It seems that Sex and the City is a permanent part of our natural landscape with daily television reruns and now multiple showings of the movie on cable. So for those of you who can't get enough of Carrie, Charlotte, Samantha and Miranda's world, here's a revisit to a few behind the scenes look at their interiors.

Designed by production designer Jeremy Conway (who was also responsible for the sets for the television show) and set decorator Lydia Marks (who gave us  The Devil Wears Prada), the interiors played an important role as each character's address was as different as their signature style.   Sharing the screen with the four main characters is the inimitable cosmopolitan backdrop of Manhattan with the apartments recreated on a sound stage in Long Island City’s Silvercup Studios. As Sarah Jessica Parker notes, “New York became the fifth woman. She really became this critical character, integral to the story.” 

Carrie Bradshaw's  Iconic Apartment before....

and after.....

Carrie's interior was painstakingly recreated down to the last detail; even her desk, which had been donated to the Smithsonian Museum, was borrowed back for the film. Since there is a time lapse of several years, the furnishings went through an update as Marks explains, “Since Carrie is so involved in fashion, I thought it would be very believable she would have new fabrics around her so the curtains, upholstery and bed linens are all new for the film.” Decorated with dramatic blue walls, floral settees and mirrored tables, Marks even incorporated Carrie’s passion for couture with the draperies made of fabric similar to “a great sculptural wedding dress.”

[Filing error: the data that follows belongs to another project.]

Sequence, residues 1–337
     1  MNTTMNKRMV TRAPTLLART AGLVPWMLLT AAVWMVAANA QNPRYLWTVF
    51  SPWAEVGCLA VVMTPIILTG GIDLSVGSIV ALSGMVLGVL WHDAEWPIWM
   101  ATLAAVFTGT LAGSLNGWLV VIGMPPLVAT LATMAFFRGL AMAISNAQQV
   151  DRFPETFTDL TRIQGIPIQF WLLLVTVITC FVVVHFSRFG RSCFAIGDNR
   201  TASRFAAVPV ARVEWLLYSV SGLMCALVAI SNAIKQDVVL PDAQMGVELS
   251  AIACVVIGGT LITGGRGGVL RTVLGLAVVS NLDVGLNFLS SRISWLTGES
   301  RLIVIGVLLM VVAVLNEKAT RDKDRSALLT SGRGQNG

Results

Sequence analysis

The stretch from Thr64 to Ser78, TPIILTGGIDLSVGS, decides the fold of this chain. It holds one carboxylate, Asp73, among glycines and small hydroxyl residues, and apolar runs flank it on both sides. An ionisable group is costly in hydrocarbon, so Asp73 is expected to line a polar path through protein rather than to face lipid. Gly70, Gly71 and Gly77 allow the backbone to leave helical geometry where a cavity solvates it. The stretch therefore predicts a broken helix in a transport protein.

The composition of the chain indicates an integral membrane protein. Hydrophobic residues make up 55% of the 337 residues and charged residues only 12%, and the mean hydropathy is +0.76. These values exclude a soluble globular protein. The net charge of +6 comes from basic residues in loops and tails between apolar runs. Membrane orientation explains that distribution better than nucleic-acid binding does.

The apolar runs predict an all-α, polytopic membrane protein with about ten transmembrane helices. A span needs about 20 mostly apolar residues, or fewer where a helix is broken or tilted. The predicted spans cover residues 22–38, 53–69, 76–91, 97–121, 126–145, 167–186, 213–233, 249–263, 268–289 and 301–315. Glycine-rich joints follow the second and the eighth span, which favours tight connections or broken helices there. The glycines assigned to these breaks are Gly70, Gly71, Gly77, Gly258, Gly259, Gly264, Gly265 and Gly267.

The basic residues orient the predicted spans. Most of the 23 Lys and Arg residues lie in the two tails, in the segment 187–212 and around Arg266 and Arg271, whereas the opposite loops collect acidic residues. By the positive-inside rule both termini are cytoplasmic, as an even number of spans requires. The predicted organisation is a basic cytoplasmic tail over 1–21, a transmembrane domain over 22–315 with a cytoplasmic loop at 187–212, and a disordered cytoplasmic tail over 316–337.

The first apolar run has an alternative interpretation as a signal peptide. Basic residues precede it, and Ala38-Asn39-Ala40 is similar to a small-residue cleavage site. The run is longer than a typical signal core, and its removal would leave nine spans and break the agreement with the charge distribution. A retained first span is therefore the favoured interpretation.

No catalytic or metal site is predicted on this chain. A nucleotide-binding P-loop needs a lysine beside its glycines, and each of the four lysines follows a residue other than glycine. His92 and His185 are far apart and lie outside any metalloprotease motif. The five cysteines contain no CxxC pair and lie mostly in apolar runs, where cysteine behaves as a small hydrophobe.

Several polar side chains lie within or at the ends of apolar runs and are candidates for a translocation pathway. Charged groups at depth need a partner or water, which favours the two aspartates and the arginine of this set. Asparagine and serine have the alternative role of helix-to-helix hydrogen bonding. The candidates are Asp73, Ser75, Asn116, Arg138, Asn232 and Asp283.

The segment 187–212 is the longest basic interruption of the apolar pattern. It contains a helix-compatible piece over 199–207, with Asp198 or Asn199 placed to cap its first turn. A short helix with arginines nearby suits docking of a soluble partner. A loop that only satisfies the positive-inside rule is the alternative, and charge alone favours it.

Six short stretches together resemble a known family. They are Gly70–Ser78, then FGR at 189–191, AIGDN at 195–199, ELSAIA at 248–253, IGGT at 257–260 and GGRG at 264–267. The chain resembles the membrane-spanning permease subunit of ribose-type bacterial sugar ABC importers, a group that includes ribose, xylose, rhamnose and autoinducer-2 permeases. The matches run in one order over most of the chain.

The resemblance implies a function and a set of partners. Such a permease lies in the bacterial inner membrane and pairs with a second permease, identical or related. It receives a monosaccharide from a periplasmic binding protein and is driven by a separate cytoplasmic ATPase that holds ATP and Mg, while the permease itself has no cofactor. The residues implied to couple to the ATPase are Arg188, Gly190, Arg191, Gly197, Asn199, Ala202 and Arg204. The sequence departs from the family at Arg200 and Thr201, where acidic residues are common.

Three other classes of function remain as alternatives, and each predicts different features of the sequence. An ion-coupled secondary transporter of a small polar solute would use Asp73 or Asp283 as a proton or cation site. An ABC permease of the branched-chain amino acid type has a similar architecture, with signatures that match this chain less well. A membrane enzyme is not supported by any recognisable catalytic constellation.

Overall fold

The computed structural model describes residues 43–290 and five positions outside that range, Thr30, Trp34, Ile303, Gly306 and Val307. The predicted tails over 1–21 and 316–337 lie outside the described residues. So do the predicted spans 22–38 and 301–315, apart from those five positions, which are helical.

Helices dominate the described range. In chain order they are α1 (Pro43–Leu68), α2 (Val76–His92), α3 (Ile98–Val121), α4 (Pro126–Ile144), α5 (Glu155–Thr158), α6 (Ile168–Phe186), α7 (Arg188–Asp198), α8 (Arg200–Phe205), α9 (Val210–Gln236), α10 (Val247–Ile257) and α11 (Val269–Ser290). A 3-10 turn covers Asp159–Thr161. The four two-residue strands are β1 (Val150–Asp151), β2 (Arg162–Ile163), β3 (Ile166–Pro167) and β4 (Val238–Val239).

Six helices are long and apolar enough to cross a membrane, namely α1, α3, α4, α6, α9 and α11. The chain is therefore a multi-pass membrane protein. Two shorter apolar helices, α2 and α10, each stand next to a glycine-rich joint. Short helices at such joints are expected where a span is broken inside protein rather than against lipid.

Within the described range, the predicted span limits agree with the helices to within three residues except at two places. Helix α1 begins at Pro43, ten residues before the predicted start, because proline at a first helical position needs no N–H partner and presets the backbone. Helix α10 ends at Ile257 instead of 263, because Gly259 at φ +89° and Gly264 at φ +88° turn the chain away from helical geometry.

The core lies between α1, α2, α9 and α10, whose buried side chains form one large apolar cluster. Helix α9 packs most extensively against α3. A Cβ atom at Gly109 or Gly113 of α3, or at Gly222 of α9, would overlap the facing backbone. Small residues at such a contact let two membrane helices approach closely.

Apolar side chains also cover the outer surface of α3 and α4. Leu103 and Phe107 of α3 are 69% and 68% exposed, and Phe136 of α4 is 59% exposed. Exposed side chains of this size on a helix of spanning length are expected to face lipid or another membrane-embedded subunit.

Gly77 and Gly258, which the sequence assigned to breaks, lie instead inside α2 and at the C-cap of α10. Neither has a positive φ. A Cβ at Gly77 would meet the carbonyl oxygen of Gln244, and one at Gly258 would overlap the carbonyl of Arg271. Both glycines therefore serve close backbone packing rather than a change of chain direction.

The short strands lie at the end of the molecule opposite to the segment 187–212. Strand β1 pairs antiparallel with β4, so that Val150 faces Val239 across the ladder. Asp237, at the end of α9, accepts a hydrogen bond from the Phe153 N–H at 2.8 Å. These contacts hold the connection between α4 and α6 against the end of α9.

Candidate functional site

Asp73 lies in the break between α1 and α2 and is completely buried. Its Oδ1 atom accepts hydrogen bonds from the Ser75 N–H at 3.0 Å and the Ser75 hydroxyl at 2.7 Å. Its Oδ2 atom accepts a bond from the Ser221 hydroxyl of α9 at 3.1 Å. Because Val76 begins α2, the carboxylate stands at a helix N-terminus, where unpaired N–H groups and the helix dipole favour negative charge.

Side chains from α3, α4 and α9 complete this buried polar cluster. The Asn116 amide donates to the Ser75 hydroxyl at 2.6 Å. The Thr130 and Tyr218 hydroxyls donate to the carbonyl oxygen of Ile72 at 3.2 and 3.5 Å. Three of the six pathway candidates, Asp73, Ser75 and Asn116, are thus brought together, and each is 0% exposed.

While the women are no doubt influenced by the latest trends, Conway and Marks looked to a stylesetter from the past for the Vogue offices of Carrie’s fierce editor, Enid Frick (Candice Bergen). Interior designer Dorothy Draper, known for her “Modern Baroque” designs in the early twentieth century, provided direction for the design duo (as evidenced by the black lacquered credenzas). “Her designs managed to be about both glamour and good taste while being functional spaces.”

Enid Frick's  (Candice Bergen) office at Vogue

Charlotte York Goldenblatt's Park Avenue Apartment redecorated

Charlotte’s elegant Park Avenue pad retained the original clean and neutral toned palette as Marks notes, “She is still in her ivory tower, but the overall feel is very eclectic. The gorgeous chaise in her bedroom is an antique found at New York’s Newel Galleries and she can feel like Cleopatra while reading a novel on it.”

Lily's bedroom

The pair also designed a sophisticated yet whimsical nursery for daughter Lily, featuring a toile bed mixed in with mid-century modern toys and furniture from Vitra. “As a decorator, I don’t often get the opportunity to mix toile and mid-century modern!” exclaims Marks.

Writers are hard at work on the script for Sex and The City Part Two. Rumors abound -- Chris Noth a.k.a. "Mr. Big" has not signed on yet, plot lines have already been leaked, etc. No doubt there will be lots of sex, drama, shopping, cocktails....and the inevitable product placements. 

Photo Credits: Courtesy of New Line Cinema